And that they did. The interaction between the two men was considerably greater on Sunday night, with exchanges that were often downright feisty. In contrast to the first debate, the candidates often interrupted each other and slung salvos at such rapid pace that the debate's moderators had trouble keeping the so-called "television duel" under control. Incumbent Schröder, who came across as overly defensive in the first debate, also seemed more secure this time around – a factor that early flash polls taken Sunday seemed to confirm.

Polls suggest a Schröder win

A viewer poll taken by pollster Infratest dimap indicated that 50 percent of Germans found Schröder more persuasive in the debate, with only 28 percent saying Stoiber carried the debate. More than 61 percent found Schröder to be the most personable as opposed to the 19 percent who though Stoiber was more likeable.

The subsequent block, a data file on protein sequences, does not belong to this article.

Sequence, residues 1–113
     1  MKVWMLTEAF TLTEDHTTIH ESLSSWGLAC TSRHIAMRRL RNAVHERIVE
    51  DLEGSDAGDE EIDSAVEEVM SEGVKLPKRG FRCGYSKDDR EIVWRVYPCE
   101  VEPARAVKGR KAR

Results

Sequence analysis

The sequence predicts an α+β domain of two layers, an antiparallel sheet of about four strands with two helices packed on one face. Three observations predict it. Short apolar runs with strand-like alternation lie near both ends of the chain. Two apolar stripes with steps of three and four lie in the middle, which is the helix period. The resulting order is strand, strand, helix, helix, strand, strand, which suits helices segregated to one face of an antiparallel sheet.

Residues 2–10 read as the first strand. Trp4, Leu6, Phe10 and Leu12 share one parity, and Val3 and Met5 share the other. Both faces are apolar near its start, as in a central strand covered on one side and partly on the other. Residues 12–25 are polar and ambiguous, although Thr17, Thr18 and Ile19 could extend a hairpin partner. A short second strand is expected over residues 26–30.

The majority of Germans surveyed by Wahlen, another prominent pollster, found Schröder to be the clear winner, with 49 percent saying he debated stronger than Stoiber, who polled at 26 percent. 24 percent said both candidates performed equally well.

But German political strategist and media advisor Jochen Keinath told DW-WORLD that neither flash poll should be taken at face value.

"Substance is all about pictures," he said. "Stoiber was perceived as too aggressive and his body language was too artificial. The chancellor was more emotional and more personal. That creates empathy with the electorate. That was the secret to Clinton's successful performance and it was behind the presence of Tony Blair and George W. Bush. On the other hand, you could compare Stoiber with the Bob Doles and the Al Gores for their stiffness."